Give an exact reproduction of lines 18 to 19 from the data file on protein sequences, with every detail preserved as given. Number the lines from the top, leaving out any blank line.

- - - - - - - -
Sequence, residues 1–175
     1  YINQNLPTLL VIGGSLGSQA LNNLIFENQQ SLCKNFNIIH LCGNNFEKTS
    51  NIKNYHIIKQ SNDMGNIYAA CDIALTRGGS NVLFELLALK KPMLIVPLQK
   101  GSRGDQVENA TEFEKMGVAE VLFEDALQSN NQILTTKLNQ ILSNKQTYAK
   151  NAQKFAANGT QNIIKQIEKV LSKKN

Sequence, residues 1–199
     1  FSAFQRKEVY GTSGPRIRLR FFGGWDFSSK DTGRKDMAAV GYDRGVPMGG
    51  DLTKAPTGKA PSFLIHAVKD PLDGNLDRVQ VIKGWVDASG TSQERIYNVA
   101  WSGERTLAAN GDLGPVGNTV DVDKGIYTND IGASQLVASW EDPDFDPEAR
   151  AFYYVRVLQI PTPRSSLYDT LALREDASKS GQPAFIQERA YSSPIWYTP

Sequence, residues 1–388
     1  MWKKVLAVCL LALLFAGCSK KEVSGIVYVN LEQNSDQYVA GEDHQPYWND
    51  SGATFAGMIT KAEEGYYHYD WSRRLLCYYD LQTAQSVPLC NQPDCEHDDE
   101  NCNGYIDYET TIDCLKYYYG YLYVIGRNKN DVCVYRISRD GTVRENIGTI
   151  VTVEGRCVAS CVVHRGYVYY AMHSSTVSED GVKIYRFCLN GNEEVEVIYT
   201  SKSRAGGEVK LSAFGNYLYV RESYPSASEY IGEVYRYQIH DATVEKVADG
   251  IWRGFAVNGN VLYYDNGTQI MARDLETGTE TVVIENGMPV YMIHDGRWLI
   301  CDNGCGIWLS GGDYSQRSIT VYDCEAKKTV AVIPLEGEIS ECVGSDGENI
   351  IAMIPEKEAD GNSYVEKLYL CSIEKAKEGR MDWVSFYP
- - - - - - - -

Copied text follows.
   301  CDNGCGIWLS GGDYSQRSIT VYDCEAKKTV AVIPLEGEIS ECVGSDGENI
   351  IAMIPEKEAD GNSYVEKLYL CSIEKAKEGR MDWVSFYP